Some carrier websites provide lists of devices that will no longer be supported after 3G networks are shut down. You may need to upgrade to a newer device to ensure that you can stay connected, and carriers may be offering discounted or free upgrades to help consumers who need to upgrade their phones.

If unsure about the status of your device, contact your mobile provider or consult your provider's website for more information about their 3G retirement plan. If you purchased your phone independent of a mobile provider, you should be able to check whether your device is 4G LTE enabled (with VoLTE or HD Voice) by checking your phone's settings or user manual, or by searching your phone's model number on the internet, to determine whether you need to purchase a new device or install a software update.

In addition, although they do not cover the cost of new devices, other FCC programs may be able to assist eligible consumers with the cost of phone or internet services:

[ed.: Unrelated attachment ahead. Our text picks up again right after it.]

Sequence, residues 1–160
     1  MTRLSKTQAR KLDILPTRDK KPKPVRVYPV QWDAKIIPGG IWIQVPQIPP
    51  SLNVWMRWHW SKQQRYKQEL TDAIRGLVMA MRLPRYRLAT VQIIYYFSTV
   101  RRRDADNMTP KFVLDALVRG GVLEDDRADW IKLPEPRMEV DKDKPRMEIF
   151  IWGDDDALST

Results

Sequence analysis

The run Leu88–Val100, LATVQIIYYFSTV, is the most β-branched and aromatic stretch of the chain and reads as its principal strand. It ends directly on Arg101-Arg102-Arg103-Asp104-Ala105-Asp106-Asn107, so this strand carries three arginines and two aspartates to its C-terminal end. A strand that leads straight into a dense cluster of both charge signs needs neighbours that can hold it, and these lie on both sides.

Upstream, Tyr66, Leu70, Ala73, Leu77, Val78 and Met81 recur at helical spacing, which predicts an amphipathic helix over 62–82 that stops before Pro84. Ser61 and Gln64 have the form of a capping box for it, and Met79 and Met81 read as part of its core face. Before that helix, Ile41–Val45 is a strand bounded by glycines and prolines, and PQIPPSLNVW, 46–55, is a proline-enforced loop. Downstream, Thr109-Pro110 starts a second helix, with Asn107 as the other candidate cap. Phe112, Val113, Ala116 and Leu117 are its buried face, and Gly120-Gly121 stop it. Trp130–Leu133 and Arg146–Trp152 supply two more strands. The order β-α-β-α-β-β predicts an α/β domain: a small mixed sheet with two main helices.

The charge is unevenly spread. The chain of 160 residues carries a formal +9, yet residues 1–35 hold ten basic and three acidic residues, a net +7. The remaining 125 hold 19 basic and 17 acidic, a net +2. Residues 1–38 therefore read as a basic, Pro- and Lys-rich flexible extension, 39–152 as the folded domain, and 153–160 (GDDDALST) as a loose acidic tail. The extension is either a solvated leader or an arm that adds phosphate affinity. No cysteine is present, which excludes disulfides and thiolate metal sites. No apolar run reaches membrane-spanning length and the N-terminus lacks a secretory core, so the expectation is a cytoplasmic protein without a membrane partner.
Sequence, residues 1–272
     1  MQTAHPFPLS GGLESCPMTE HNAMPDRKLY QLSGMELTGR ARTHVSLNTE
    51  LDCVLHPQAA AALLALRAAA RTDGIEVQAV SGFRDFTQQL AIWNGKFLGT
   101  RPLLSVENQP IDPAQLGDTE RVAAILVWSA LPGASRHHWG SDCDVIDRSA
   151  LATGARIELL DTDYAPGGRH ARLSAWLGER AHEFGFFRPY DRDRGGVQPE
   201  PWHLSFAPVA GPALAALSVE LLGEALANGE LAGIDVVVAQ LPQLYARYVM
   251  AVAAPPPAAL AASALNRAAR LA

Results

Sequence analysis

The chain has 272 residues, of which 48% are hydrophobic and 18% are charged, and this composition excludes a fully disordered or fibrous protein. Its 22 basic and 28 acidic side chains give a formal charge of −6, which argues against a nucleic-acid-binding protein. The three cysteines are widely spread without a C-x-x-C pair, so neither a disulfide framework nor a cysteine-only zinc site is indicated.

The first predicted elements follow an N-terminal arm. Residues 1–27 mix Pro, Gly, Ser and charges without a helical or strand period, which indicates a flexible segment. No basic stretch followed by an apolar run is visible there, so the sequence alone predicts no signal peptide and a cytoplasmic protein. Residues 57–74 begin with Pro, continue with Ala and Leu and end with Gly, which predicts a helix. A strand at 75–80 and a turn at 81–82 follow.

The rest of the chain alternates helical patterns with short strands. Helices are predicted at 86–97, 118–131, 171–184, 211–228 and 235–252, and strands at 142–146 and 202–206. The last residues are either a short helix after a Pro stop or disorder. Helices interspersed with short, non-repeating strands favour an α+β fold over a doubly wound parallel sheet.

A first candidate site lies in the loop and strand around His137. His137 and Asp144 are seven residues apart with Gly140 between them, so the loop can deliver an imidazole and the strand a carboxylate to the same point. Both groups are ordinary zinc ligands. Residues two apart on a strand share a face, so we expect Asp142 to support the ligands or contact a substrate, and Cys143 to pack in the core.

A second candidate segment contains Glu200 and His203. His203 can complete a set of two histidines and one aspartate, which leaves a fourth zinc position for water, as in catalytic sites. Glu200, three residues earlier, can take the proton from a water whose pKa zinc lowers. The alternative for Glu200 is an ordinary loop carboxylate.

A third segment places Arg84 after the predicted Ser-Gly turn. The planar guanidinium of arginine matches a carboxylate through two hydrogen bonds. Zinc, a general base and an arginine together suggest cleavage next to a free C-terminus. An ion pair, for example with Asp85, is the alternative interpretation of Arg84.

• The FCC's Lifeline program may be able to assist eligible consumers in getting connected to phone and internet services. The program provides a discount on phone service for qualifying low-income consumers to ensure that all Americans have the opportunities and security that phone service brings, including being able to connect to jobs, family and emergency services.
  • In addition, the FCC's Emergency Broadband Benefit Program provides a temporary discount of up to $50 per month toward broadband service for eligible households during the COVID-19 pandemic.
Contact: Ford Carson, 804-371-9141